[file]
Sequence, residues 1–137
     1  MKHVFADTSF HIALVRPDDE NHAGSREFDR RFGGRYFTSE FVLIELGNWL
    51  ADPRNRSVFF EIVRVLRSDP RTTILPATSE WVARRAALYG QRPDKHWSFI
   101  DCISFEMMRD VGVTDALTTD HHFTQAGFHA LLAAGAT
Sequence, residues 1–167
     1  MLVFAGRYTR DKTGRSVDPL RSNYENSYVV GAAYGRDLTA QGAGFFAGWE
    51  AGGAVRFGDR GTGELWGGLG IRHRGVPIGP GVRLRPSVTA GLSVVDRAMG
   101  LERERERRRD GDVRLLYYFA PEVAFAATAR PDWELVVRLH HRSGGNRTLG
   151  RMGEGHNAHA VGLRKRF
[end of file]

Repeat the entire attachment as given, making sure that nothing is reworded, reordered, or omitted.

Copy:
Sequence, residues 1–137
     1  MKHVFADTSF HIALVRPDDE NHAGSREFDR RFGGRYFTSE FVLIELGNWL
    51  ADPRNRSVFF EIVRVLRSDP RTTILPATSE WVARRAALYG QRPDKHWSFI
   101  DCISFEMMRD VGVTDALTTD HHFTQAGFHA LLAAGAT
Sequence, residues 1–167
     1  MLVFAGRYTR DKTGRSVDPL RSNYENSYVV GAAYGRDLTA QGAGFFAGWE
    51  AGGAVRFGDR GTGELWGGLG IRHRGVPIGP GVRLRPSVTA GLSVVDRAMG
   101  LERERERRRD GDVRLLYYFA PEVAFAATAR PDWELVVRLH HRSGGNRTLG
   151  RMGEGHNAHA VGLRKRF